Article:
When it comes to natural hair care, if you focus on improving and maintaining the health of your hair, length and lustre will usually follow. Your routine is the foundation for your own personal hair goals, as well as being your most valuable resource when experimenting with, troubleshooting and assessing your choice of products and techniques. It is easy to get caught up in the latest trends, or with new releases and discoveries, so let's take it back to basics and look at three useful tips for growing healthy natural hair.
1. Oil does not hydrate
We are a huge advocate for the use of plant oils and butters, they can nourish and fortify your strands from our Avocado Smoothie Conditioner all the way through to our Hair Too Balm. However, they can only really perform at they best when you hydrate you hair first – and this is best done by water, or water-based ingredients.
Oils and butters are emollients that can make hair softer, shinier, or deter knotting. On their own, they do not moisturise. Moisturisation comes from first hydrating with water, or water-based product, and then sealing this moisture in with an oil or butter.
2. Conditioner can not do the job of a shampoo
Your hair and scalp will let you know if you need to be cleansing more regularly, or if you can afford to leave it longer. You might experience drier strands than usual if you are over doing it, or excessive build up if you need to get to it more often.
You might find that this leaves in you a Catch-22 situation where your hair feels as though it needs more frequent cleansing, but your hair doesn't – and visa-versa. It is usually at this juncture that many naturals choose to incorporate co-washing into their routine...
As refreshing as it may feel, co-washing and cleansing are not one and the same! Conditioner could never do the job of a shampoo – the chemistry of shampoos and conditioners are complete opposites, as the best duos often are!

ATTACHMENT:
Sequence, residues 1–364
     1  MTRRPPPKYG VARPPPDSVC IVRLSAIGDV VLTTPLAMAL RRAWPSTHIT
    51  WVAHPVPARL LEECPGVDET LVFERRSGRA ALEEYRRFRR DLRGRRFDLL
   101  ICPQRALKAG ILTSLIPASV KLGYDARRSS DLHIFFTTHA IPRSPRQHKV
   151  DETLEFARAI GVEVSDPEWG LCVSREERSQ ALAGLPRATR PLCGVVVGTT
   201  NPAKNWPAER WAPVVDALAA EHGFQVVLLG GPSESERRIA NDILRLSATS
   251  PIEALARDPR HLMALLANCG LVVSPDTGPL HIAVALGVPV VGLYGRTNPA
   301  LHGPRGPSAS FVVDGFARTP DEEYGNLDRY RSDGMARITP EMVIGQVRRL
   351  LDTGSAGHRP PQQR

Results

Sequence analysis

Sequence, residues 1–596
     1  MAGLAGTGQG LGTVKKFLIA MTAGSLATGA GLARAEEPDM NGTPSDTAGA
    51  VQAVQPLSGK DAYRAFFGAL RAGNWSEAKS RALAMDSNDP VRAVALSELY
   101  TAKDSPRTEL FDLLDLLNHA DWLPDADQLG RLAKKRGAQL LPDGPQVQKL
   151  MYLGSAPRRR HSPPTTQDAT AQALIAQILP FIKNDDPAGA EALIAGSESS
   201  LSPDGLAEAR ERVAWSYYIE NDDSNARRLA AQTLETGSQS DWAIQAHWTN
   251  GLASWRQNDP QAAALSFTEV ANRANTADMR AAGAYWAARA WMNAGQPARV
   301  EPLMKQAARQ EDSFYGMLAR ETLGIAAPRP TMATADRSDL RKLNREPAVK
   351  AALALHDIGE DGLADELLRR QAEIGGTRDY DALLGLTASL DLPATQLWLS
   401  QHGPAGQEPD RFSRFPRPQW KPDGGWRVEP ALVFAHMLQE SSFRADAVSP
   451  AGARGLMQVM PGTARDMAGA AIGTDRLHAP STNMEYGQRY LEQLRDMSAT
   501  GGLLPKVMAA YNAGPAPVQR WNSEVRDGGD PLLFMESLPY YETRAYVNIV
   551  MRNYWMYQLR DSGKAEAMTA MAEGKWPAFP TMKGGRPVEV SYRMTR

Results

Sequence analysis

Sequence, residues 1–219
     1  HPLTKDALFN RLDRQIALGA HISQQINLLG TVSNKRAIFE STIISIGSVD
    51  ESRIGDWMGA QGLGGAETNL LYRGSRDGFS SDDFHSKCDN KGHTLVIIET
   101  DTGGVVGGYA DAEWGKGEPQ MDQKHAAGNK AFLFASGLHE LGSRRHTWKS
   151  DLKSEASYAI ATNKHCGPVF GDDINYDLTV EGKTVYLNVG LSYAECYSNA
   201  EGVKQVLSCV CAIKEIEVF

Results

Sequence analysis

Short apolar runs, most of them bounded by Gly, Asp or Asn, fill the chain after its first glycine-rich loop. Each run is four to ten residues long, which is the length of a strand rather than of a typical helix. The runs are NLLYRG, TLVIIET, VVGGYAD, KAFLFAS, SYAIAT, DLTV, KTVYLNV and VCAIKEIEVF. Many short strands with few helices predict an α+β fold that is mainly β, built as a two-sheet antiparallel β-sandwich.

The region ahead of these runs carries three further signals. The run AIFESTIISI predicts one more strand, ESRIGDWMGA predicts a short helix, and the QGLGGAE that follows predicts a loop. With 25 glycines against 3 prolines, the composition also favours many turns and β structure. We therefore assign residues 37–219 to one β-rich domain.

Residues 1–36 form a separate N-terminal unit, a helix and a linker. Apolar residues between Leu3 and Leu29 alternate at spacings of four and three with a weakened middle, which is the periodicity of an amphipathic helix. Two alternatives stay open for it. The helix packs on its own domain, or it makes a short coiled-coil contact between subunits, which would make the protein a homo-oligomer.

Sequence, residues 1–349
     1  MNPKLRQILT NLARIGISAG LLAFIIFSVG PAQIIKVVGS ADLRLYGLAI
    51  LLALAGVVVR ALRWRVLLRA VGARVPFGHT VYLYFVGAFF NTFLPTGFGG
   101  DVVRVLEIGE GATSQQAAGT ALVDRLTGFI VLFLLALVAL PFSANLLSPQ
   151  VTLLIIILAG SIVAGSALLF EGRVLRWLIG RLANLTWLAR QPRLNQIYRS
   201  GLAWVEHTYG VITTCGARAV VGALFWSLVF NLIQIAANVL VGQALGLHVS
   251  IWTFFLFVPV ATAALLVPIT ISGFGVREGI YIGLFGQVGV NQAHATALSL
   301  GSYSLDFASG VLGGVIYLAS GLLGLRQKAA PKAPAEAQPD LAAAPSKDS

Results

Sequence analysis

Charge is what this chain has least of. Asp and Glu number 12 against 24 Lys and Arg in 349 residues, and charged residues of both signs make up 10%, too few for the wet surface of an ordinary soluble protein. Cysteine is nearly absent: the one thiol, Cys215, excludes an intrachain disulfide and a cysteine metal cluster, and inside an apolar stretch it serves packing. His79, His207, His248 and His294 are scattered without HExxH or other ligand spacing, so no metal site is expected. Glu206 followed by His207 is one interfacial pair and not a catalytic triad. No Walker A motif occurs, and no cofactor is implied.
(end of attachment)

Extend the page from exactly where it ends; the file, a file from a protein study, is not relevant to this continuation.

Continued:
Shampoo is negatively charged to lift built-up. Whereas conditioner is positively charged to absorb nutrients and protect your strands. So, if you use heavy oils and butters, you do actually ned the clarifying properties of an actual shampoo as a regular part of your hair care routine.
The key is to find a shampoo that uses lower concentrations of gentle surfactants, which won't dry your curls. That way you can cleanse with confidence and lather up twice should you need a deep clean.
3. Protect your ends
Once hair emerges from your scalp, it is actually considered to be a dead fibre. In the same way as our nails, our hair strands are made of a protein called keratin. Everything we do with the hair we see is to preserve it – after all, it can't repair itself once its damaged.
The growth we see in both out hair and out nails takes place below the surface. It's a process that takes place without any intervention from us, and to be able to see its progress, the best we can do is minimise any weathering or breakage. Here's how you can approach this:
Protect your ends – these are the oldest and the most fragile part of your hair. You can incorporate protective styling into your routine, as well as protective accessories such as a satin pillow case or a satin bonnet.
Handle your new growth with care – this is the hair closest to your scalp that is fresh, new and strong. Scalp massages, regular moisturising deep conditioning treatments and gentle styling will all help to ensure that they'll be in better shape when they become your ends!
Ultimately, these three tips go hand in hand! Taking care of your new growth, cleansing when you need to and moisturising effectively will help to maintain both healthy hair and a healthy scalp. Wearing your bonnet at night, taking breaks from tight styles and incorporating frequent moisturising deep conditioning treatments will help to protect your hair from breakage. So, together you have a strong combination of preventative and protective measures for healthy natural hair.
Which of these will you be focusing on most?